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#222079 01/07/23 11:20 AM
Joined: Mar 2004
Posts: 814
B
BigB Offline OP
Member
I'm referring to the grease/lube that comes applied to the contact area of new circuit breakers, Is it dielectric, or is it conductive?

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breaker grease.jpg
Joined: Jul 2004
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G
Member
I doubt it is conductive. The contact pressure squeezes it out but it does slow oxidation of the area that is not directly metal to metal.


Greg Fretwell
Joined: Apr 2002
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Some derivative of anti-ox?


John
Joined: Jul 2004
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G
Member
I think it is just grease so the breaker seats easier but it will prevent some level of oxidation.


Greg Fretwell
Joined: Apr 2002
Posts: 7,381
Likes: 7
Member
Thinking back, I remember a tech at a Bell Labs spin-off giving me a squeeze tube of 'lube' that he said was conductive, and 'expensive'. I used it on a few 200/400 amp disconnects. It looked like the stuff in the pic above. Afterwards, he said the tube was around $50, this was back mid 80s.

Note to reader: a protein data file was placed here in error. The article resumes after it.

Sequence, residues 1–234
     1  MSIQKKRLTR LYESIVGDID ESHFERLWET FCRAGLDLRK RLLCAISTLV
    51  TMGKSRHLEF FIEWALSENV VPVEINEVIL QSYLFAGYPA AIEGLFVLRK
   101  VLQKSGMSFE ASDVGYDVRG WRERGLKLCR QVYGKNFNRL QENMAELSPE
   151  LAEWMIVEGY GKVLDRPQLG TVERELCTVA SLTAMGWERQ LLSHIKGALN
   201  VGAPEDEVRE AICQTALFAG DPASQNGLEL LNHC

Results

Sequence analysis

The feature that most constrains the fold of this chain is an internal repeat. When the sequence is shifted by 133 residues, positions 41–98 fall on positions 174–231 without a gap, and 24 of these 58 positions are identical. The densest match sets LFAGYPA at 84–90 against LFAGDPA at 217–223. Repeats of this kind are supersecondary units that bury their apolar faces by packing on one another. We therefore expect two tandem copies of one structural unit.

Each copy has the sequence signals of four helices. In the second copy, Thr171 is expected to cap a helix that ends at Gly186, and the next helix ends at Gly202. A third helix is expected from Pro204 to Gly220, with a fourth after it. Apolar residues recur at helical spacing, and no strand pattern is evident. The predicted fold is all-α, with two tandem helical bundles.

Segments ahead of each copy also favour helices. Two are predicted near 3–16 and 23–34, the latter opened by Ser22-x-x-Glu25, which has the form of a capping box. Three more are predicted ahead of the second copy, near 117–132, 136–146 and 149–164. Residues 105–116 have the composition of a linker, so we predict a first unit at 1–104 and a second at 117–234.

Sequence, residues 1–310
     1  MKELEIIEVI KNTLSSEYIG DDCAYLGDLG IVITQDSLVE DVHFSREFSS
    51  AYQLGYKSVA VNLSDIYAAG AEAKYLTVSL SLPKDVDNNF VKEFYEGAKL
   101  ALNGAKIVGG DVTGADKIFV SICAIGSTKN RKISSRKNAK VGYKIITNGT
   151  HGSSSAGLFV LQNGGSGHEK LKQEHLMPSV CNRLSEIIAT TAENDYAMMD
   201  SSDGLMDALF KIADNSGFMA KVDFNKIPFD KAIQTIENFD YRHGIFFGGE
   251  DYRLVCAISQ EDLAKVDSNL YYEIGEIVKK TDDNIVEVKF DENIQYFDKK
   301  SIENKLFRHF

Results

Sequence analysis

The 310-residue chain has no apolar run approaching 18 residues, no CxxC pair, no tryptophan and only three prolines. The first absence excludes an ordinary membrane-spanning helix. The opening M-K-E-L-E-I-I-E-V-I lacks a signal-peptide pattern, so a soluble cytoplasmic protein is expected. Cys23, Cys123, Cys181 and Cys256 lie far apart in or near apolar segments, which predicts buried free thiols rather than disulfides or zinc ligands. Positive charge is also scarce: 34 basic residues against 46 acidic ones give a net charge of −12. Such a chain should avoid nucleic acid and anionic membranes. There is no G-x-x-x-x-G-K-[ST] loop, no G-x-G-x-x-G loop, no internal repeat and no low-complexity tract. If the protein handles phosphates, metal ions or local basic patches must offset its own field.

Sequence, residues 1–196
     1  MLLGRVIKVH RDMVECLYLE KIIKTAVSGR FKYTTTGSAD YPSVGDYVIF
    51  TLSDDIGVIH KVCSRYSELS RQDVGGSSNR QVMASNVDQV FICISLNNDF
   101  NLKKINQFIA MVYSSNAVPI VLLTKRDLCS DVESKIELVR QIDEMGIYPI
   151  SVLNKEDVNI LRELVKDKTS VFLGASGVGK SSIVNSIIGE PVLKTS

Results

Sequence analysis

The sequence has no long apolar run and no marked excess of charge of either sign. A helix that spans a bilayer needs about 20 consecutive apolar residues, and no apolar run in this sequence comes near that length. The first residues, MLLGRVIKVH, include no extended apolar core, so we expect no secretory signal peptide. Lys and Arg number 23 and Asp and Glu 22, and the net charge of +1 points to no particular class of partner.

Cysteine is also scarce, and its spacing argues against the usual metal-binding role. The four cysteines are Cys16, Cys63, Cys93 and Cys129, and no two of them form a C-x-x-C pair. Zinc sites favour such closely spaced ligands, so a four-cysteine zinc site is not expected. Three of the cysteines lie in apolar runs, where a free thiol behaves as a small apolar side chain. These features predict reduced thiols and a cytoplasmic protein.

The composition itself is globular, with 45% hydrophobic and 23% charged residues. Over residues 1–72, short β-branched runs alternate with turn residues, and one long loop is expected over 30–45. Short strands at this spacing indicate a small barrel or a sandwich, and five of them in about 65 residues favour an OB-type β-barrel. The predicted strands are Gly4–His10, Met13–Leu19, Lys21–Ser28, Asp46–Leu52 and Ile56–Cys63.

John
Joined: Jan 2005
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Cat Servant
Member
Reminds me of the “light bulb grease” sold at auto part stores. Or, even, the “ dielectric grease” sold there.

It’s been my experience that dielectric grease, despite the name, does nothing to prevent conduction by direct contact. It will bliss corrosion and prevent arcing through gaps (such as between a coil wire boot and a distributor hub).

Joined: Aug 2011
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G
Member
I have seen grease with silver particles suspended in it used to lubricate tuning hardware in broadcast transmitters. $60 for a 6.5 ounce tube. Then there's the copper anti-seize grease used on spark plugs.


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